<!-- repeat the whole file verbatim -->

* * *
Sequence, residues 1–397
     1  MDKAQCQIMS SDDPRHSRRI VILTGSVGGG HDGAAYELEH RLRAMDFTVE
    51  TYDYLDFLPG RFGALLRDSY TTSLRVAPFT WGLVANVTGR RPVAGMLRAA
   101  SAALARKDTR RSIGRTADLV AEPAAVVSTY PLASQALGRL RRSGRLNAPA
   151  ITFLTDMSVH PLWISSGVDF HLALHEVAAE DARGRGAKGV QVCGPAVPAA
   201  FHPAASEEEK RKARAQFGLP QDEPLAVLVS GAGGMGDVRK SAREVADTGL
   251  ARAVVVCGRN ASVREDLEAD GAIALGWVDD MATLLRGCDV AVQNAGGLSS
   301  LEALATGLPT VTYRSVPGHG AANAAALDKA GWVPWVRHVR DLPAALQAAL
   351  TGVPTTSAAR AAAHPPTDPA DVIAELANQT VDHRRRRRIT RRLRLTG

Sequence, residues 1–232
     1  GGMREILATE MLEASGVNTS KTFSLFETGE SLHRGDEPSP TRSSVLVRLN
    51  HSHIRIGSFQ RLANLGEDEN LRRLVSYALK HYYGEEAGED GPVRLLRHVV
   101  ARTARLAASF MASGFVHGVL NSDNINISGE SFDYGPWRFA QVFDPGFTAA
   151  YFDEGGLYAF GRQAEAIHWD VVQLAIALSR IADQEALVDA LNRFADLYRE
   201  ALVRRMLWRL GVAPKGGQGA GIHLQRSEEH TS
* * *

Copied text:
Sequence, residues 1–397
     1  MDKAQCQIMS SDDPRHSRRI VILTGSVGGG HDGAAYELEH RLRAMDFTVE
    51  TYDYLDFLPG RFGALLRDSY TTSLRVAPFT WGLVANVTGR RPVAGMLRAA
   101  SAALARKDTR RSIGRTADLV AEPAAVVSTY PLASQALGRL RRSGRLNAPA
   151  ITFLTDMSVH PLWISSGVDF HLALHEVAAE DARGRGAKGV QVCGPAVPAA
   201  FHPAASEEEK RKARAQFGLP QDEPLAVLVS GAGGMGDVRK SAREVADTGL
   251  ARAVVVCGRN ASVREDLEAD GAIALGWVDD MATLLRGCDV AVQNAGGLSS
   301  LEALATGLPT VTYRSVPGHG AANAAALDKA GWVPWVRHVR DLPAALQAAL
   351  TGVPTTSAAR AAAHPPTDPA DVIAELANQT VDHRRRRRIT RRLRLTG

Sequence, residues 1–232
     1  GGMREILATE MLEASGVNTS KTFSLFETGE SLHRGDEPSP TRSSVLVRLN
    51  HSHIRIGSFQ RLANLGEDEN LRRLVSYALK HYYGEEAGED GPVRLLRHVV
   101  ARTARLAASF MASGFVHGVL NSDNINISGE SFDYGPWRFA QVFDPGFTAA
   151  YFDEGGLYAF GRQAEAIHWD VVQLAIALSR IADQEALVDA LNRFADLYRE
   201  ALVRRMLWRL GVAPKGGQGA GIHLQRSEEH TS